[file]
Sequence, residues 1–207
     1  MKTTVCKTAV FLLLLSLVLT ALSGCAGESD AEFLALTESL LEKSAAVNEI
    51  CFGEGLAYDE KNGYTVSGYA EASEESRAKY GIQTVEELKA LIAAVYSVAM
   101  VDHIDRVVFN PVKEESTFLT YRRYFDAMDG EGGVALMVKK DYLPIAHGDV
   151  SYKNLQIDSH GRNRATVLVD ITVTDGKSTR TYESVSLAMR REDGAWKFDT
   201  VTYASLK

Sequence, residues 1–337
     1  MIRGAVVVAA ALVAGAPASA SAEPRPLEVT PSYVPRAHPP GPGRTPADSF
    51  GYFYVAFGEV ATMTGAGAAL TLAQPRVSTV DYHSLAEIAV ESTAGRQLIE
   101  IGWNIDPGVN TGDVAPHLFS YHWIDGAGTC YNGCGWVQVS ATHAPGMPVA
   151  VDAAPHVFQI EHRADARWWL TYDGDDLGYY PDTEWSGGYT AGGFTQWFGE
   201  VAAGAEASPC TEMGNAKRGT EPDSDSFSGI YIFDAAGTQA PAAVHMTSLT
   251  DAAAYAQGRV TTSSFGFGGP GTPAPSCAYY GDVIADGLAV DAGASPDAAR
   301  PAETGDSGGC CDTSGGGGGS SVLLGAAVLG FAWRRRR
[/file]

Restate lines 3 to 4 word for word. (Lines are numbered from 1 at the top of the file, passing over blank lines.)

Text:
    51  CFGEGLAYDE KNGYTVSGYA EASEESRAKY GIQTVEELKA LIAAVYSVAM
   101  VDHIDRVVFN PVKEESTFLT YRRYFDAMDG EGGVALMVKK DYLPIAHGDV